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# Why is sinus rhythm important for maintaining a normal blood pressure?

In order to understand the relationship between sinus rhythm and blood pressure, we first need to focus on the concept of blood pressure.

Simply put, blood pressure is the outwards force which blood exerts on the walls of arteries. We need to keep this pressure within certain limits, so that nutrients, oxygen and waste products can be transported effectively around the body, between the various cells and organs.

Diagram depicting blood pressure in an artery
© St George’s, University of London

Blood pressure is determined by two factors: the volume of blood being pumped out of the heart within a given timeframe and the resistance to the flow of this blood within the blood vessels (referred to as peripheral vascular resistance).

When we record a blood pressure, we get two values. The top value is called the systolic pressure and this relates to the contraction of the ventricles and ejection of blood from the heart, causing a pressure wave through the arterial system. We can detect this pressure wave when we feel a person’s pulse. The bottom value within the blood pressure recording is called the diastolic pressure, which is the background pressure within the arteries when the heart is resting between beats.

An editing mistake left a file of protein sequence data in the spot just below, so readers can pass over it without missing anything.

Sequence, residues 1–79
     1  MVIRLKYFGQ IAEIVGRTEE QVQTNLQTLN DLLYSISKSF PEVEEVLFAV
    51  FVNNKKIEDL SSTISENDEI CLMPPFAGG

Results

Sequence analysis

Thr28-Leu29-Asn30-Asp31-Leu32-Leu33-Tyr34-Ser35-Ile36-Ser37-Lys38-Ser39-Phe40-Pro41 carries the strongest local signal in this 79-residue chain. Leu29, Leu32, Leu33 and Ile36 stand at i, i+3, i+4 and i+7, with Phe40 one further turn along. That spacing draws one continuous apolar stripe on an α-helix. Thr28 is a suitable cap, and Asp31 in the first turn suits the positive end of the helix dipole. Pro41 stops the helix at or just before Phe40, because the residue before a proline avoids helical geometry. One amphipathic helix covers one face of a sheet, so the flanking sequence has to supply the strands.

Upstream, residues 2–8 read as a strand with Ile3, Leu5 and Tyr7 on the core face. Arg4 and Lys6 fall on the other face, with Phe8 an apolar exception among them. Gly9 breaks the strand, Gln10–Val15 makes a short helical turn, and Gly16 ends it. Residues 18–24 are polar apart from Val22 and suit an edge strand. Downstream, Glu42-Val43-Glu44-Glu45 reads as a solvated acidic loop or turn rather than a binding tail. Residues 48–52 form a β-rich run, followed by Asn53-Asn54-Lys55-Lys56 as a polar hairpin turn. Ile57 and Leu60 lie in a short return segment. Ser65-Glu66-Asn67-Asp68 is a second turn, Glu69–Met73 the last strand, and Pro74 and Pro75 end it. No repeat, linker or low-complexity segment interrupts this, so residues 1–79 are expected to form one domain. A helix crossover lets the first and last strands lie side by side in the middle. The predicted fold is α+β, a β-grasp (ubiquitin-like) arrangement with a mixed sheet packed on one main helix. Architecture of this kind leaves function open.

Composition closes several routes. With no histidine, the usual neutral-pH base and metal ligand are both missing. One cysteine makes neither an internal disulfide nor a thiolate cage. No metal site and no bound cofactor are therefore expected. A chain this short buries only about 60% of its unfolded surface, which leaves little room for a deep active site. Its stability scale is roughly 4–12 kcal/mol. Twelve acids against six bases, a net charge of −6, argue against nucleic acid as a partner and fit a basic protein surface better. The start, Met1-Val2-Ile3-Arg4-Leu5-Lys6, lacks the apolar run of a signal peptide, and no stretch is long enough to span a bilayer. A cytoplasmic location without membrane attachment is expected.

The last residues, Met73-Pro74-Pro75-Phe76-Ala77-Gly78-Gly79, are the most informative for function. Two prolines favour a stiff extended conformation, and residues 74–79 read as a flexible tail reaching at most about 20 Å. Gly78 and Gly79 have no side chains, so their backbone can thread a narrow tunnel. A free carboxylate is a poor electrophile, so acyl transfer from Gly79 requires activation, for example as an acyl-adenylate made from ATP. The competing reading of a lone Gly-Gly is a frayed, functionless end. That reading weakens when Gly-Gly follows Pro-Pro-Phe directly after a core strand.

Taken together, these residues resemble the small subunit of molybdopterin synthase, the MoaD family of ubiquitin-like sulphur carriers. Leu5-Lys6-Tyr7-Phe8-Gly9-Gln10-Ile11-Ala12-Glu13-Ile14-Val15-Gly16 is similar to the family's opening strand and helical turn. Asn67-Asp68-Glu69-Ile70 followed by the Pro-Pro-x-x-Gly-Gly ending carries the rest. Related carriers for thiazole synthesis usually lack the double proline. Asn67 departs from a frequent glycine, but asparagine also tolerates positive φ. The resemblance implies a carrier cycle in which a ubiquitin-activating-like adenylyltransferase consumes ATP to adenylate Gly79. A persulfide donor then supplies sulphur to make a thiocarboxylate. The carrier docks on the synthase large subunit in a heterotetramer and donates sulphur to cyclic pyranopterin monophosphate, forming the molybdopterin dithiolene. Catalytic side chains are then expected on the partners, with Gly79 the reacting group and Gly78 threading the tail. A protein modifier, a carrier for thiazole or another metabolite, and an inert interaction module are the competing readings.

The volume of blood pumped out of a ventricle (usually referring to the left ventricle) in one beat is called the stroke volume and the volume ejected from the ventricle in one minute is called the cardiac output.

© St George’s, University of London

Cardiac output can be represented by the following equation:

Cardiac output = stroke volume x heart rate (the number of stroke volumes in one minute).

Cardiac output is related to blood pressure as follows:

Blood pressure = cardiac output x peripheral vascular resistance

The above illustrates why the effective ejection of blood from the heart is crucial for maintaining blood pressure. Sinus rhythm co-ordinates the order and timing of atrial and ventricular contraction, ensuring that the atria have contracted and emptied their contents into the ventricles, before the ventricles then contract. This helps to optimise stroke volume and cardiac output.

© St George’s, University of London